Trump, who received a medical deferment from Vietnam over alleged bone spurs, has said as much publicly about McCain. During the 2016 presidential election, Trump derided McCain’s legacy as a war hero, saying of his years as a prisoner of war in North Vietnam, “I like people who weren’t captured.”

Trump often boasts of his support for the military but often exaggerates his record. Service members have received annual pay increases every year for decades, not just under Trump. The president has falsely claimed he produced the first pay raise for service members in a decade. However, Trump did produce the largest one-year increase in pay since 2010, according to Pentagon data.

The first expansion of veterans’ health care to include private-sector doctors, often touted by Trump as the centerpiece of his veterans advocacy, began under President Barack Obama following the wait time scandal at the Phoenix VA hospital in 2014.

Trump’s Democratic opponent, former vice president Joe Biden, issued a lengthy statement Thursday night saying that if the Atlantic report is true, “then they are yet another marker of how deeply President Trump and I disagree about the role of the President of the United States.”

“I have long said that, as a nation, we have many obligations, but we only have one truly sacred obligation — to prepare and equip those we send into harm’s way, and to care for them and their families, both while they are deployed and after they return home,” Biden said.

The Atlantic report focuses in part on Trump’s decision in 2018 to pull out at the last minute from a planned visit to Aisne-Marne American Cemetery to mark the 100th anniversary of the armistice that ended World War I. The White House pointed at the time to poor flying conditions for his helicopter and a concern of interrupting traffic in Paris, about 50 miles away from the cemetery outside Belleau.

Meadows said Thursday that Trump had wanted to attend the ceremony but that bad weather prevented him from flying there, and a two-hour search for a motorcade was unsuccessful. Two officials on the trip, including then-press secretary Sarah Sanders, disputed that the president’s reason for not attending the ceremony was his distaste for those killed in war.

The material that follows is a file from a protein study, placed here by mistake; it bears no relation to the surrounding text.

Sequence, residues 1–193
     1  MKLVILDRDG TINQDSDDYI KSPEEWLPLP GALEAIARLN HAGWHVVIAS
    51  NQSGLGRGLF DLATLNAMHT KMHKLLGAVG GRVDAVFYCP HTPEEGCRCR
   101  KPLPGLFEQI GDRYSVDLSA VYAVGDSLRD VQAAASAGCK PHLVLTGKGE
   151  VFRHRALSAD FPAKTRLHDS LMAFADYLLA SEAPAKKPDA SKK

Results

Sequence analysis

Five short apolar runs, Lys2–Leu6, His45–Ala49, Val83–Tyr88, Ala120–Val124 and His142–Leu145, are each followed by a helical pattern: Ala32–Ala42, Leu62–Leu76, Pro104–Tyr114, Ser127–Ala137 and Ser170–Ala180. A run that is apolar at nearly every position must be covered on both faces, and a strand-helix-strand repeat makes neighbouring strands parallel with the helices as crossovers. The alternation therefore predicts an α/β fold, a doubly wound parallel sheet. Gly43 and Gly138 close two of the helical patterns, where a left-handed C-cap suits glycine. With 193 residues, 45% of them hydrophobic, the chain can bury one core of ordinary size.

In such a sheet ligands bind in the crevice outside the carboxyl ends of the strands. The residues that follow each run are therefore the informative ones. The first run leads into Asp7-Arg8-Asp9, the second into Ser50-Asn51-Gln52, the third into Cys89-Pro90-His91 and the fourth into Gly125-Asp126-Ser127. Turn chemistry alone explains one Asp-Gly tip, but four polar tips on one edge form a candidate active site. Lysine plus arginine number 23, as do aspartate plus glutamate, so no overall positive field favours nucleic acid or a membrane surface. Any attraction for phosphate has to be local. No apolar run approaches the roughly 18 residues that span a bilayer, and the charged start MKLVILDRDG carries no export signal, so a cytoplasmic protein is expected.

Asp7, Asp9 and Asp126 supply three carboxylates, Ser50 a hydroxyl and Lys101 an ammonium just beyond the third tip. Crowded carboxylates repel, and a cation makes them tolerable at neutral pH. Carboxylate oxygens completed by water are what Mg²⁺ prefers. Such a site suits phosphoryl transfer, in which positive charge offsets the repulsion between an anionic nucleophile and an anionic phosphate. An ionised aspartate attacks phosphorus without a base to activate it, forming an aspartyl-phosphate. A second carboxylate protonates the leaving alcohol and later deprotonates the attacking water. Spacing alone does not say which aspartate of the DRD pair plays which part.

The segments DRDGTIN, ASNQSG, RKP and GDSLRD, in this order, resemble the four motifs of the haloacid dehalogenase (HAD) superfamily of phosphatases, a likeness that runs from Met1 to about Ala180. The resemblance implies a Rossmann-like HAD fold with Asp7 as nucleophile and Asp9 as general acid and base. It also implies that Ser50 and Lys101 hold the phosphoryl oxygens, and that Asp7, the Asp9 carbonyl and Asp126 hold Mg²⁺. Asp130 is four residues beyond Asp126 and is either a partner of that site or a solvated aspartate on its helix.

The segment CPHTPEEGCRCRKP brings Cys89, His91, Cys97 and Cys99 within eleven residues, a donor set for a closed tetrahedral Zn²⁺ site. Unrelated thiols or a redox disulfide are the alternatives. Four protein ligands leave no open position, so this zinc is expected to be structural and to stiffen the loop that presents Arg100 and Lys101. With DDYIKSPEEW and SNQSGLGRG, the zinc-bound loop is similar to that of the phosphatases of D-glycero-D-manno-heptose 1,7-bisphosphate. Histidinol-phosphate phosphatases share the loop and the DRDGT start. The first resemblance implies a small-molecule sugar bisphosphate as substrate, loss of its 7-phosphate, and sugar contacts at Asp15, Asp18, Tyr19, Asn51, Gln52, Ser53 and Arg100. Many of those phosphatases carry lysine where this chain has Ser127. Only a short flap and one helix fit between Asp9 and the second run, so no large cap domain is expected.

But critics at the time speculated he was simply not up for the visit. The weather and traffic did not keep Canadian Prime Minister Justin Trudeau, German Chancellor Angela Merkel and French President Emmanuel Macron from visiting other sites around the capital.

But Trump allegedly asked senior staff members, “Why should I go to that cemetery? It’s filled with losers,” according to the Atlantic article. He also referred to the 1,800 soldiers and Marines who died as “suckers” for getting killed, the Atlantic reported.

There are few campaigns more steeped in U.S. military lore than the Battle of Belleau Wood, named after the nearby town. The verdant hillside shrine of arcing headstones marks the final resting place of 2,289 U.S. troops, many of whom were killed in the battle. The names of 1,060 more who were never found are inscribed on a wall there.

The day of the planned visit, Nov. 10, 2018, was also the 243rd birthday of the U.S. Marine Corps. Beyond the battle for Iwo Jima in World War II, the struggle for Belleau Wood may be the service’s most revered campaign in its history. A brigade of Marines joined two Army divisions in the closing months of the war and fought brutal hand-to-hand combat in the wood, occasionally contending with swirling poison gas.

The Atlantic also depicts a scene between Trump and Kelly at the graveside of Kelly’s son, who died at age 29 in Afghanistan, on Memorial Day 2017. Trump reportedly said, “I don’t get it. What was in it for them?” A person with knowledge of the conversation confirmed this to The Post, and said Kelly came to understand that Trump couldn’t grasp the concept of sacrifice for something greater than yourself.

Trump also couldn’t comprehend why some of the high-ranking military men serving in his administration such as Kelly and former defense secretary Jim Mattis would choose that path. He regarded their rank as a sign of accomplishment, but also of squandered earning potential.

“You seem like fairly talented guys — why would you do that? You don’t make any money,” Trump said, according to the former official, who added of Trump: “Everything is transactional to him.”

Josh Dawsey, Greg Miller and Anne Gearan contributed to this report.